Roku and Google have both added support for HDR10 in recent weeks
Roku and Google have confirmed plans to bring HDR 10+ to their streaming gadgets. For those who don’t know, HDR 10+ is an image standard designed to bring dynamic colors and clarity to your content. It was designed by Samsung to challenge Dolby Vision – another popular standard from movie masters, Dolby.
Dolby Vision is incredibly popular with set-top box manufacturers. Amazon’s more expensive Fire TV streaming dongles and the Apple TV 4K both support Dolby Vision, but haven’t taken over Samsung’s competitor.
Samsung has managed to convince a number of leading television manufacturers to add their technology to their sets. And the fact that Samsung itself has been the top-selling TV brand for the past fifteen years certainly helps expand the reach of its HDR 10+ option, too. But the tide is turning.
Roku has confirmed plans to bring HDR 10+ to a number of its streaming gadgets, including the Express 4K +, Express 4K, and Roku Ultra.
So if you watch programs recorded with Samsung’s colorful HDR 10+ format on any of these devices, you should see a real difference on your television. The fundamental character of the image remains unchanged – it does not change the vision of the director behind the camera. However, images in HDR10 + appear to be more punchy, more dynamic and with a little more depth.
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The brightest elements on the screen will likely look a little brighter, while the darkest elements shouldn’t look slightly washed out and gray thanks to the cavernous blacks possible with HDR10 +.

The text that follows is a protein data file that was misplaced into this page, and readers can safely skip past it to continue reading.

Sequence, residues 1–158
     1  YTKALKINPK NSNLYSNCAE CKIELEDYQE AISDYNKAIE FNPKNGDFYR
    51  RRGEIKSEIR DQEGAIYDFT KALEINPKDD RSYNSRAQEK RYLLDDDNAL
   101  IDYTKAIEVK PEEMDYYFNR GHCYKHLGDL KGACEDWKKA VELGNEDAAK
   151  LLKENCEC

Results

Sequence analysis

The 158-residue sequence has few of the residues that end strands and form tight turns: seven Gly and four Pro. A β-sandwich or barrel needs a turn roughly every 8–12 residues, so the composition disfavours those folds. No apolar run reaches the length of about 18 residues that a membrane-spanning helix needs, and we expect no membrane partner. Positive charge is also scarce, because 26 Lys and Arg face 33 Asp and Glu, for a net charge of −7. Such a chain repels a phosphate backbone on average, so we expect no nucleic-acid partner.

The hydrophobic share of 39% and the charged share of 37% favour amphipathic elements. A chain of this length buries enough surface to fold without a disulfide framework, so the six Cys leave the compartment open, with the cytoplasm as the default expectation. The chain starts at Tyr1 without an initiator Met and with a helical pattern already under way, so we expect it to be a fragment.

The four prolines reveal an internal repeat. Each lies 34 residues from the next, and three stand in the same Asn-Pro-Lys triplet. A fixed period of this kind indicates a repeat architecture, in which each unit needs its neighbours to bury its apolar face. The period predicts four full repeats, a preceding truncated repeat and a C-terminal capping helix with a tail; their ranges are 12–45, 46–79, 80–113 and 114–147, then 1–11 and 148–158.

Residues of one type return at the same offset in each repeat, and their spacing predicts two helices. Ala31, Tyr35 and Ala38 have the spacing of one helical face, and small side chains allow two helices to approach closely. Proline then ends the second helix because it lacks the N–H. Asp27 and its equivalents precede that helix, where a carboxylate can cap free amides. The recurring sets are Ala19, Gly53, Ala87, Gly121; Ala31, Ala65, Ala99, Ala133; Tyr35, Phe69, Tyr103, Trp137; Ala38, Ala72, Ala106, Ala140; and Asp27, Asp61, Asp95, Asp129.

Google is also throwing its weight behind the format with an update to its Chromecast with Google TV streaming set-top box, which launched last year.
Google Director of Product Development Matt Frost announced his support for the Samsung image format, saying, “Google is pleased to join the growing number of companies adopting HDR10 + and partnering with HDR + Technologies LLC. We envision HDR10 + is a key factor for Chromecast with GoogleTV plus other platforms coming to market and we look forward to helping our various industry partners achieve a great HDR experience. ”
When it comes to streaming services, Amazon Prime Video is one of the biggest advocates of HDR10 +. While it has a number of Dolby Vision movies and shows, the HDR 10+ library is much, much larger. Meanwhile, Netflix doesn’t have a single title designed for the Samsung-developed standard, with most of the original box sets and movies produced for 4K Dolby Vision HDR.
While HDR10 + has a lot to catch up with, it is clear that the race between these two competing standards when it comes to watching cinematic television and Hollywood blockbusters at home is not over yet.
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